Conflict and character --
Summary --
Finding and playing objectives: --
Actions make emotions --
Selections, control, and repeatability --
Playing the dramatic situation --
Discovering objectives and stakes --
Building the story through objectives --
Character through actions: tactics and risk --
Simplicity and playing the positive --
Summary --
Listening and staying in the moment: --
Importance of listening --
Improving your listening ability --
Listening and playing objectives --
Summary --
Interpreting and using dialogue: --
Contextual meaning and subtext --
Importance of subtext and context --
Analyzing a script to tell the story --
Summary --
Working with people, places, and things: --
Relating to things --
Categorizing --
Defining and using the space --
Defining and using relationships --
Summary --
Good storytelling: using objectives and circumstances effectively: --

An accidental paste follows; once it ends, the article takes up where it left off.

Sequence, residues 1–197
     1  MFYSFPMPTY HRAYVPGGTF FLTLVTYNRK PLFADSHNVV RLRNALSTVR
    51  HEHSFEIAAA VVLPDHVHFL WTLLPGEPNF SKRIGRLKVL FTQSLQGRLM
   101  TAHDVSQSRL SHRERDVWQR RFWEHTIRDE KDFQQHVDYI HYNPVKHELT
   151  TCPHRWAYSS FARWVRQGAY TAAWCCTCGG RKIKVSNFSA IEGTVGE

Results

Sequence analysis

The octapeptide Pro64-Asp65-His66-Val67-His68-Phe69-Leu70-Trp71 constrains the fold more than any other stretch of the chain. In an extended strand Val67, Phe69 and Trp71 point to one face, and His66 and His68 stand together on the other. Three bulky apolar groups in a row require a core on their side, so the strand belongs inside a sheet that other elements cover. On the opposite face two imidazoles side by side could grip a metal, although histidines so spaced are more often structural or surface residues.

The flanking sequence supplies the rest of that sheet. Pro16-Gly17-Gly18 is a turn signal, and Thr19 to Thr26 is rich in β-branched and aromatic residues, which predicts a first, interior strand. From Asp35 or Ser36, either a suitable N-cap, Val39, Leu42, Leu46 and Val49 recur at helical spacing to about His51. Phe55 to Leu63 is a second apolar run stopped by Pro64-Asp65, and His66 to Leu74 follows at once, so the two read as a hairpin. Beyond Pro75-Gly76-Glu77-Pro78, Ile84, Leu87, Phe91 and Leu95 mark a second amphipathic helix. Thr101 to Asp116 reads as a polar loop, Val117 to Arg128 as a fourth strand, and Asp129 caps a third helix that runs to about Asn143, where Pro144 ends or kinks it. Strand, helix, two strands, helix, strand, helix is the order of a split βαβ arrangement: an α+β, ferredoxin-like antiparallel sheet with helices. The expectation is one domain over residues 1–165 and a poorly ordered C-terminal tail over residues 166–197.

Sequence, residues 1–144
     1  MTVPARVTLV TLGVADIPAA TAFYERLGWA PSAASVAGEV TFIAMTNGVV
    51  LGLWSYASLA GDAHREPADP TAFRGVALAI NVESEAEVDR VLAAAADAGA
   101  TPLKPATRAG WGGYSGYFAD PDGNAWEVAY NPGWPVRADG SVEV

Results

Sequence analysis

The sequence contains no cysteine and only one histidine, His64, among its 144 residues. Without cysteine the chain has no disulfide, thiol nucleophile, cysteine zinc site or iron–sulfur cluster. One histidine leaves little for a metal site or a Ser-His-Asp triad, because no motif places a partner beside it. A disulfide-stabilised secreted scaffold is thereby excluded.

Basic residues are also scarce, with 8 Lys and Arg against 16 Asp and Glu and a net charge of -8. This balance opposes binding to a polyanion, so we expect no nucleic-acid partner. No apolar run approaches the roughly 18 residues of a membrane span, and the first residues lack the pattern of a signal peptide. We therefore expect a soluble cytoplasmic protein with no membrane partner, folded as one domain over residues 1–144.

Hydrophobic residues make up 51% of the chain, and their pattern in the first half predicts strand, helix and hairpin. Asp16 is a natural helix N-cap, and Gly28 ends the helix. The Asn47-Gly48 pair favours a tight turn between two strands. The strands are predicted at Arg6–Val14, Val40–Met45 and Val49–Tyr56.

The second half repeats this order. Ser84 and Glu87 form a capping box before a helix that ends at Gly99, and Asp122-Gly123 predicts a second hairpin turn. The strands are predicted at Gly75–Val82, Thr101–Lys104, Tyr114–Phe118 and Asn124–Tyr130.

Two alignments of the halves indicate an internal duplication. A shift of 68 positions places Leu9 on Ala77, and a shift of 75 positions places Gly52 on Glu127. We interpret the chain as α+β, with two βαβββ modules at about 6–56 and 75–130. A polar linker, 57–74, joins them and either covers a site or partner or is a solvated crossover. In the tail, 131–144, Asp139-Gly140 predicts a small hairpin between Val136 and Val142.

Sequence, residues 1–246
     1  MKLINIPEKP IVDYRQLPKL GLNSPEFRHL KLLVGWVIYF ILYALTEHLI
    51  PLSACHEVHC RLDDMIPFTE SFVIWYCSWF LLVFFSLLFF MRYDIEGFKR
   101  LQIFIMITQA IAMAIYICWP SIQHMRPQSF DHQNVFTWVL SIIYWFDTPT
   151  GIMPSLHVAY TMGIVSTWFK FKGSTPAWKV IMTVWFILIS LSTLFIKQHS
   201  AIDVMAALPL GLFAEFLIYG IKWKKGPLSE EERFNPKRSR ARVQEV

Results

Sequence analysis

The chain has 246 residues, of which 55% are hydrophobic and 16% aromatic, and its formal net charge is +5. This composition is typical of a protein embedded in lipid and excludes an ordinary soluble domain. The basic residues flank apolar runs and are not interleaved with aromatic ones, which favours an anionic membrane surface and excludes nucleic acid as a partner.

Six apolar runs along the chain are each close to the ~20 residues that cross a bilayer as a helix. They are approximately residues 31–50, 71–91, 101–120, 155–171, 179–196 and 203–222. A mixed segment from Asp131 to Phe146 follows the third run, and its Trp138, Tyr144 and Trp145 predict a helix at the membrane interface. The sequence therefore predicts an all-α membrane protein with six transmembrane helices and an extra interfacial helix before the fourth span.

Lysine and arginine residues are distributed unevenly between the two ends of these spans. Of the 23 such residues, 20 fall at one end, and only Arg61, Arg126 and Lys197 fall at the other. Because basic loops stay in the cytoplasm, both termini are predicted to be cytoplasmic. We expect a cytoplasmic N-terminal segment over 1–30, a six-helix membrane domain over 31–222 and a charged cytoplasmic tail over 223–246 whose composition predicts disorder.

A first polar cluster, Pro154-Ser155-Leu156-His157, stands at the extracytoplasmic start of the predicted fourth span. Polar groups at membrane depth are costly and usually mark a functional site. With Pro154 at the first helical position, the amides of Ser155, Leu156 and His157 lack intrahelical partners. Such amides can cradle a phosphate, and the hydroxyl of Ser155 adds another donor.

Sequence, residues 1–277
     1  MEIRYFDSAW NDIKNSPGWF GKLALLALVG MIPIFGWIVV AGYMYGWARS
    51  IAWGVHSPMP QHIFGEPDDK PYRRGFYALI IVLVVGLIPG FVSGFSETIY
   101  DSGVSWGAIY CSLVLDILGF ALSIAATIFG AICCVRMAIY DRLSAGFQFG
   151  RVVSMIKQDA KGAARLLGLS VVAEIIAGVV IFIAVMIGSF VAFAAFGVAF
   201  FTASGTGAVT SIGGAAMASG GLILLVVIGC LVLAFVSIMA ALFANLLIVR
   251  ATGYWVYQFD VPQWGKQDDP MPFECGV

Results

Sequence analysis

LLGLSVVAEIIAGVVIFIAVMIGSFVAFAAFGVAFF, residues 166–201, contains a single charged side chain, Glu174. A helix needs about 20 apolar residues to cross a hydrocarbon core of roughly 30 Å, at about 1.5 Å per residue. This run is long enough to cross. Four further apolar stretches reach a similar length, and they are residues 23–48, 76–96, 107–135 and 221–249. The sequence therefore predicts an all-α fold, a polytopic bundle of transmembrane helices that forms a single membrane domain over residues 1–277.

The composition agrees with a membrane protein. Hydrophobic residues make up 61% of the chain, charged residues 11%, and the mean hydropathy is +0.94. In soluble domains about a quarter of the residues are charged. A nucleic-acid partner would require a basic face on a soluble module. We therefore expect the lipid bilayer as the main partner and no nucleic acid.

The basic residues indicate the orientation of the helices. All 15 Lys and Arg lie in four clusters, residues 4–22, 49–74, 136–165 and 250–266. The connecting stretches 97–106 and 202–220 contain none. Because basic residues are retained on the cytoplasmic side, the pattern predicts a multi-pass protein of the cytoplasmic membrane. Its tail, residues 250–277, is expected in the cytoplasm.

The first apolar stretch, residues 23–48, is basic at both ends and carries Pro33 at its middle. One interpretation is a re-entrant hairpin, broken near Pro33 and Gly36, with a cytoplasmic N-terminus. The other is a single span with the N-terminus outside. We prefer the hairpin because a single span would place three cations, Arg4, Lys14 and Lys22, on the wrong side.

Dialogue and levels of meanings --
Circumstance define story --
Dealing with emotional circumstances --
Objectives and circumstances --
Using "as if" --
Actions from emotions and emotions from actions --
Always analyzing and making choices --
Summary --
Part 3: Applying The Tools: --
Script analysis: a blueprint for storytelling: --
Reading for the story --
Asking the right questions --
Dialogue serving the story --
Summary --
Rehearsing the scene: preparing for the first read: --
Choosing a scene --
First read --
Using improve --
Summary --
Rehearsing the scene: blocking and working it: --
Using blocking to tell the story --
Playing in a defined space --
Movement --
Gestures --
Props and business --
Working through the scene --
Final notes --
Summary --
Using the words: discovering and telling the story: --
Elevated language --
Using literal, contextual, and subtextual meaning --
Justifying the lines --
Summary --
Taking the script apart and putting it together: a review and practice: --
Review --
Physical aspects of acting --
Script --
Analysis --
Synthesis: finding and playing the actions --
Summary --
Theatrical conventions and style: --
Conventions and believability --
Language and the playwright's style --
Type of style --
Roots of style --
World of "realism" --
Some concluding thoughts about style --
Summary --
Criticism: --